Now a spoken thanks

The Columban Sisters have been present in China since 1926

This appeared as an editorial by ‘JiM’ in the 22 November 2015 issue of Sunday Examiner, the English-language Catholic weekly of the Diocese of Hong Kong. The Columban Sisters were invited to go to Hong Kong in 1947 and left in December 2015.

Sixty-seven years make up a substantial portion of any one lifetime, even a significant period in the brief history of Hong Kong, but less than a blink of the eye in the time frame of the divine. However, it is not by the number of years that we measure the contribution to life and society of those who walk this earth, but the quality of commitment, breadth of imagination, ingenuity in work and, most especially, depth of love.

The Missionary Sisters of St Columban surpass in all four. Although never numerous, they brought creative, meticulous and high quality medical care to Hong Kong, injected great ingenuity into their schools, imagination into palliative care that the city had never dreamed of, walked among and welcomed sex workers and were creative in cancer counseling, as well as prison and hospital chaplaincy services.

But life was never only about science and technical expertize, it was always about love inspired by faith in the God who saves. Their ministries aimed for holistic development, physical and spiritual, and they were at the forefront of the foundation of the Catholic Nurses Guild, the Catholic Doctors Guild and the Legion of Mary. While life was hectic, there was time for everyone, staff and patients were welcomed as part of their Columban family. The Sisters’ particular interest in each individual in their medical, educational and social service endeavors is remembered fondly and cherished.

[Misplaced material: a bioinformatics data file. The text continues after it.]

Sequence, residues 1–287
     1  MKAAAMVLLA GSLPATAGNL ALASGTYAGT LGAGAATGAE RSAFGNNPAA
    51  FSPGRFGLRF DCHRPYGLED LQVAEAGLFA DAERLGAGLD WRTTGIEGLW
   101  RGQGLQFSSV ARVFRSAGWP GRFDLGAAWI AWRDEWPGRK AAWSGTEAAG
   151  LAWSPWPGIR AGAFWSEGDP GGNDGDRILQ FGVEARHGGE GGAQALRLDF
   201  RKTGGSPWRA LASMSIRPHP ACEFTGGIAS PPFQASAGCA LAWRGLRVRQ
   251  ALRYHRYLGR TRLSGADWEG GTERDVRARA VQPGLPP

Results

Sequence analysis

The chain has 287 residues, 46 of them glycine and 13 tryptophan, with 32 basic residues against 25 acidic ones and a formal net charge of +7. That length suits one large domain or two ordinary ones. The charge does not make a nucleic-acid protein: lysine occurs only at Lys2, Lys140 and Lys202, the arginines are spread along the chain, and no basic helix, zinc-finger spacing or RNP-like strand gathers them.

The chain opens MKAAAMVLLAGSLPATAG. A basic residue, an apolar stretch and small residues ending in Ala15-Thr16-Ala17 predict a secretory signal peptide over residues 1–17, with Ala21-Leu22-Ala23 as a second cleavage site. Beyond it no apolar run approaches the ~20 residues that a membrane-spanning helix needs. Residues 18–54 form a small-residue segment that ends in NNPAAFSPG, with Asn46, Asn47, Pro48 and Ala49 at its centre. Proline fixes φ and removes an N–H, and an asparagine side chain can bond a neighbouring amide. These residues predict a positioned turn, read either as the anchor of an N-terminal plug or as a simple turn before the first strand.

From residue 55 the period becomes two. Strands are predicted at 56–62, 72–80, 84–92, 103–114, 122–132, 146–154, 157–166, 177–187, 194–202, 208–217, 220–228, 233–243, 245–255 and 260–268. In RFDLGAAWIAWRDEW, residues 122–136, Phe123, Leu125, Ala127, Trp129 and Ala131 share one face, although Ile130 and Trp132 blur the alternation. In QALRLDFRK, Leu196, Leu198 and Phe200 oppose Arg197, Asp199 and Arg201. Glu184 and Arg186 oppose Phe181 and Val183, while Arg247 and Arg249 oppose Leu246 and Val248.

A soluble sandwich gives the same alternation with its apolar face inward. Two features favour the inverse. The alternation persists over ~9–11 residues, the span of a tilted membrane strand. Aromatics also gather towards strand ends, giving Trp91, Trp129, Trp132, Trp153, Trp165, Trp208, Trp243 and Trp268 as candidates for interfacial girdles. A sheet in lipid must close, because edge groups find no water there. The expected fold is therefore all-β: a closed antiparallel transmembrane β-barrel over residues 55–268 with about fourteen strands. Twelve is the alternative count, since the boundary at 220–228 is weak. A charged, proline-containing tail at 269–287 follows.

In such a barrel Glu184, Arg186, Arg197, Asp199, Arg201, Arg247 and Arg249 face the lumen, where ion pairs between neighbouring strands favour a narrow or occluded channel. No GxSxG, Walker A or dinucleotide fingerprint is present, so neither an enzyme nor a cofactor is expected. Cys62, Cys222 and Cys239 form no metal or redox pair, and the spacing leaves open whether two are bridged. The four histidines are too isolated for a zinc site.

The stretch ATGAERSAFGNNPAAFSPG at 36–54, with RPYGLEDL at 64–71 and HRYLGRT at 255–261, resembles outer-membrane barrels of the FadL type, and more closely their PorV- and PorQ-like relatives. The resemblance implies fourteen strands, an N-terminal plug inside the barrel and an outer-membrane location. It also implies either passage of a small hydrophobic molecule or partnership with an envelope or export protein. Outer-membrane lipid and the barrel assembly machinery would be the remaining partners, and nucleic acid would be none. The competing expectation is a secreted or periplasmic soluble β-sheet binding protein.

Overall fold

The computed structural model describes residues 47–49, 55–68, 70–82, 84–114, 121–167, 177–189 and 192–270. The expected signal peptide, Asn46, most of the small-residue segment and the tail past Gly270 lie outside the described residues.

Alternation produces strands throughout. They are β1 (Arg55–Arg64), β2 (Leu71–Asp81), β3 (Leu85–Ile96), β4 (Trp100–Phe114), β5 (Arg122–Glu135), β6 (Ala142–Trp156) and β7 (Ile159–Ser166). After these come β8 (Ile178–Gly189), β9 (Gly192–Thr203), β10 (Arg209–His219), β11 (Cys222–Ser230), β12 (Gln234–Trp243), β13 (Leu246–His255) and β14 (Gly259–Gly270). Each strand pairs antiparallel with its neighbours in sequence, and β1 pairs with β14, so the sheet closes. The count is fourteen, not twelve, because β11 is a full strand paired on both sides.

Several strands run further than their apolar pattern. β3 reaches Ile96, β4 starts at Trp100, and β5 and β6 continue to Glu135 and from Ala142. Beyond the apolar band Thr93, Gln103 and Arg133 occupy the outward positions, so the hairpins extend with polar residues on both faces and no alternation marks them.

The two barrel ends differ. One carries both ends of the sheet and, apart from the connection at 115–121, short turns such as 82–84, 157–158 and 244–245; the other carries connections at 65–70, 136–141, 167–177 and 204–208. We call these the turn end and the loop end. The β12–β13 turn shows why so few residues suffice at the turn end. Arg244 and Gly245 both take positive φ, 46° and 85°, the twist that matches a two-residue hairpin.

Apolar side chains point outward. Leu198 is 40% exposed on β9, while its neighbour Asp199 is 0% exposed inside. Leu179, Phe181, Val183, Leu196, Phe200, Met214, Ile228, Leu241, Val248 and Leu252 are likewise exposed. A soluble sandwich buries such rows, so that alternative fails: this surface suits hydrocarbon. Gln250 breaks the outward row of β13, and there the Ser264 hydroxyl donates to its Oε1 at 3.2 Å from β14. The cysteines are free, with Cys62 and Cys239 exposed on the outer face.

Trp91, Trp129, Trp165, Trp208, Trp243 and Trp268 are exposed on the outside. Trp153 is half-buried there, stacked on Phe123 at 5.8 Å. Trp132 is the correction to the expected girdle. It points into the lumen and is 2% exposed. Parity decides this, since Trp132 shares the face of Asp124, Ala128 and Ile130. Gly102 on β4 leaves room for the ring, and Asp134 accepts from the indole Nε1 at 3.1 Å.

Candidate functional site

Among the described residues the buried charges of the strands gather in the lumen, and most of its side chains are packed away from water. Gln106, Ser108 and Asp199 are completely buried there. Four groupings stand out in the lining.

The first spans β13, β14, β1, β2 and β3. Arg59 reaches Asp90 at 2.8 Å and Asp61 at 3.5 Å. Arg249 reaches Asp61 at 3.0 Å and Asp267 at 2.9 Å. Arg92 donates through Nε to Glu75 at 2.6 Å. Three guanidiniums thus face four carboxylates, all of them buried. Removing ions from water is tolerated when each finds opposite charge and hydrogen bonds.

Sisters Aquinas and Gabriel confer with medical colleagues

An English nurse, who worked at Ruttonjee for 30 years, reminisced, ‘I enjoyed the work tremendously. It was so worthwhile and satisfying and I so enjoyed the nuns, all of who had a great sense of humor. The work was meticulous, the patients, most of whom were very ill, so ill in fact that I wondered how they managed to walk around and do their daily chores before being admitted. In the early days there was little money… medical equipment was scarce… loaned from ward to ward… Ruttonjee was a place of terrific cooperation… memories are of a very happy place.’

In his 2009 Gerald Choa Memorial Lecture, S. H. Lee reminisced on the era when his generation of doctors trained at Ruttonjee, saying, ‘The Hong Kong Tuberculosis Association had considerably been benefited by the dedication and devotion of the Catholic Sisters from St Columban Mission of Ireland in providing quality care and love to the patients.’ A talented surgeon, Choa had been a great supporter of the Sisters in his lifetime, providing his services and highly sought after medical advice free of charge.

But as the Sisters prepare to leave, they reflect, as they did when they left their birthplace of Ruttonjee Sanatorium in 1988, ‘We journey with Christ, sharing his mission even to the giving of life itself. Together with him we face insecurities, including the call to let go and move on, not always sure of the way…’

The missionary life can be judged on what is bequeathed. The work the Columban Sisters began continues and their successors have imbibed their spirit, the challenge of the moment is to say farewell. They have made their decision. Letting go of something as precious as the Hong Kong mission comes only with pain. But taking risks and living with uncertainty is their way and it is graciously blessed by God and the people of Hong Kong.

Those who know them must also say farewell to what in biblical terms may only be described as a group of valiant women.

‘Signing off’ after 50 years in Hong Kong

The website of the Missionary Sisters of St Columban features an interview with Sr Mary Fintan Ryan SSC, a nurse by profession, who arrived in Hong Kong from Ireland on 7 February 1963 after a three-month boat trip and who spent the next fifty years there.